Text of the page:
Some of the country’s largest hospital systems have been forced to rescind their Wuhan coronavirus (COVID-19) vaccine mandates for their employees in the wake of several court rulings. Concerns regarding labor shortages also prevented them from coercing their workers to get the vaccine under the threat of unemployment.

Health systems all over the country either voluntarily instituted COVID-19 vaccine mandates or did so after the Biden administration ordered them to do so. President Joe Biden’s rule affected some 10 million workers in the healthcare industry. The order forced healthcare workers to be fully vaccinated by Jan. 4.

But in November, a federal judge in Louisiana ruled that the Department of Health and Human Services’ Centers for Medicare and Medicaid Services does not have the authority to enforce the COVID-19 vaccine mandate for healthcare workers. 

In response to the federal judge’s ruling, some of the country’s largest hospital systems have started rolling back their mandates. They claim that the rescinding of the order is also in response to the fact that the vaccine mandate has aggravated their staffing shortages.

Even before the COVID-19 pandemic, many hospitals around the country already struggled to find workers and retain the ones they did hire. Once the pandemic hit, labor costs soared through the roof.

Hospitals were forced to lure new staff in with higher pay rates. Those that could not afford to keep up with the rise in labor costs struggled to retain enough staff, leading to shortages in nurses, technicians and even janitors. This led to their inability to handle higher hospitalization rates in recent months caused by post-vaccine outbreaks among the fully vaccinated.

Millions of workers no longer have to deal with vaccine mandates

Some of the largest hospital groups that have rescinded their COVID-19 vaccine mandates include Dallas-based Tenet Healthcare, Christian non-profit healthcare system AdventHealth, the Cleveland Clinic and HCA Healthcare.

Combined, these health systems comprise more than 300 hospitals and employ nearly 600,000 people.

“We continue to strongly encourage our colleagues to be vaccinated as a critical step to protect individuals from the virus and the majority of HCA Healthcare colleagues have been fully vaccinated,” wrote a representative for HCA Healthcare in a statement. He added that the vaccine mandate stays in place in California and Colorado, states that have their own mandates for healthcare workers.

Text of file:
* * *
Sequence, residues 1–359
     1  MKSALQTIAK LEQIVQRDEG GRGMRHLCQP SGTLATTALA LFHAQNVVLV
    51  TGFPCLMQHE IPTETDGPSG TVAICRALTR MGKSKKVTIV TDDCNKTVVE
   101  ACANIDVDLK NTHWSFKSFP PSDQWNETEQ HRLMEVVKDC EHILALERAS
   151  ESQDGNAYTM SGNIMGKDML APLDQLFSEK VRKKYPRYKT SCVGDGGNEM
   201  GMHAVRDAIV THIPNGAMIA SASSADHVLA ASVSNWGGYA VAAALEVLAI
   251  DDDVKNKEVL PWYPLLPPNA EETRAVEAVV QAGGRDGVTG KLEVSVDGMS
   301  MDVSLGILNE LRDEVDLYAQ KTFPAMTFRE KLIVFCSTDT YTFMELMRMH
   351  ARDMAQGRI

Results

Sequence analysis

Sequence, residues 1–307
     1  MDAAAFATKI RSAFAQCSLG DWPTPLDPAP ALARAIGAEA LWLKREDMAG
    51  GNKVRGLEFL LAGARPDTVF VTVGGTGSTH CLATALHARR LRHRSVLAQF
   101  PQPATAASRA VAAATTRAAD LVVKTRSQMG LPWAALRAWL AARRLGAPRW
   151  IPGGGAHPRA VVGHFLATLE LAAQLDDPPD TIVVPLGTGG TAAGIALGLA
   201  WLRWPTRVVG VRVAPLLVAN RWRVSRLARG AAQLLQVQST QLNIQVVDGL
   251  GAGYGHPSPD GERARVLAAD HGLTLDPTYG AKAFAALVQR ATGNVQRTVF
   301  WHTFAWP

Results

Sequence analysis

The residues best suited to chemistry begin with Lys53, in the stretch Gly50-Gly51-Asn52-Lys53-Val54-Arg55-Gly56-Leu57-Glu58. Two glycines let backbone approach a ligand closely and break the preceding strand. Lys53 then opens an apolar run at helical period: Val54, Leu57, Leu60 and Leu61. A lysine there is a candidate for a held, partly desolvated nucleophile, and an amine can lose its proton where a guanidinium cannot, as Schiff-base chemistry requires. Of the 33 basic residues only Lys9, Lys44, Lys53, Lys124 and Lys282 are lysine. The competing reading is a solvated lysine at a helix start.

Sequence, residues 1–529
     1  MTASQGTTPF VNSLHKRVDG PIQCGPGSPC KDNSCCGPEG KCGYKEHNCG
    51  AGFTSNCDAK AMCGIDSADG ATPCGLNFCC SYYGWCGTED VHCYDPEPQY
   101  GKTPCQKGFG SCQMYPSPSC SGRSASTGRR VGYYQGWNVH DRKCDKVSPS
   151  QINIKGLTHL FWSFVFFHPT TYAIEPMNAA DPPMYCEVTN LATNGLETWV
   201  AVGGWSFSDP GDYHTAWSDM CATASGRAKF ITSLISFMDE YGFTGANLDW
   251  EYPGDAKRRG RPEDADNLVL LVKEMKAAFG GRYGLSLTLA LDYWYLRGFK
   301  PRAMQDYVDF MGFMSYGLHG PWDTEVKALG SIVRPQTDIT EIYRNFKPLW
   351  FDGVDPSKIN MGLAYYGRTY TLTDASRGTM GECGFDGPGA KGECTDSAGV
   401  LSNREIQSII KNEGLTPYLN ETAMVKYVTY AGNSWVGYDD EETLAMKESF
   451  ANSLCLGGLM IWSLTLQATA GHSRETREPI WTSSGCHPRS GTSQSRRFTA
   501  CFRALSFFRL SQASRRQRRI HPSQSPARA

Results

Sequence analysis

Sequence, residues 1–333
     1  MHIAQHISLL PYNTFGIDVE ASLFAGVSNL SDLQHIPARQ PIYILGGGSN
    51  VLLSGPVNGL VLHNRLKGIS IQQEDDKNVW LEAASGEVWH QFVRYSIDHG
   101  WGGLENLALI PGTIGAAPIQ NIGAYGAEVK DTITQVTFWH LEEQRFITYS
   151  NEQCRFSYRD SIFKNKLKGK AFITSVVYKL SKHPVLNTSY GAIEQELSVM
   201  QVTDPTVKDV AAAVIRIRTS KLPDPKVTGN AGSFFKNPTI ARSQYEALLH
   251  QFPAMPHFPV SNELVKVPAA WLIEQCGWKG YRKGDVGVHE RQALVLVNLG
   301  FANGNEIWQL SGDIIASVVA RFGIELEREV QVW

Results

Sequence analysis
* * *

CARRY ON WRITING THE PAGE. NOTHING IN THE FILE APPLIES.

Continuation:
AdventHealth and Tenet also said they would stop requiring their employees to be vaccinated after the court’s decision. But they added that workers in states that mandate vaccination must comply with local laws.

To circumvent the vaccine mandate, the Cleveland Clinic said it would impose safety measures on its unvaccinated staff, such as regular forced COVID-19 testing.

Many other healthcare systems were relieved to hear that the federal mandate for healthcare workers was blocked.

“I don’t think the mandates were helpful, and I think the court in Louisiana did everyone a service,” said Alan Levine, CEO of Ballad Health, which runs 21 hospitals in Tennessee and Virginia. Levine has 14,000 employees, about 2,000 of whom remain unvaccinated and did not request an exemption to the federal mandate. “That many people having to be terminated would have been devastating to our system.”

Alan Morgan, CEO of the National Rural Health Association, said that many hospital administrations that are part of his association expressed the same concerns as Levine.

“Some rural hospitals are determining we can’t keep our doors open if we proceed with a mandate,” said Morgan. “We’re not against the mandates, but there has to be a plan in place, or else there will be shortages in rural towns.”

Hospital administrators are particularly concerned with paramedics and ambulance drivers, many of whom outright refused to get the vaccine. “Almost every single hospital physician I talk to brings up the problem of EMS [emergency medical service] staff,” said Morgan.

Many other hospital systems are refusing to get rid of their vaccine mandate despite the federal judge’s ruling. Kaiser Permanente, which runs 39 hospitals and hundreds of medical offices and employs more than 200,000 people, has already fired 352 of its workers for refusing to get vaccinated. Another 1,500 are set to be terminated in early January unless they get fully vaccinated or receive an exemption.

Northwell Health, the largest healthcare provider in New York with over 77,000 employees, also announced that its mandate remains in place. It has already terminated 1,400 employees for refusing to take the experimental and deadly vaccine. The health system has also pledged to discriminate against the unvaccinated by refusing to consider them for employment.



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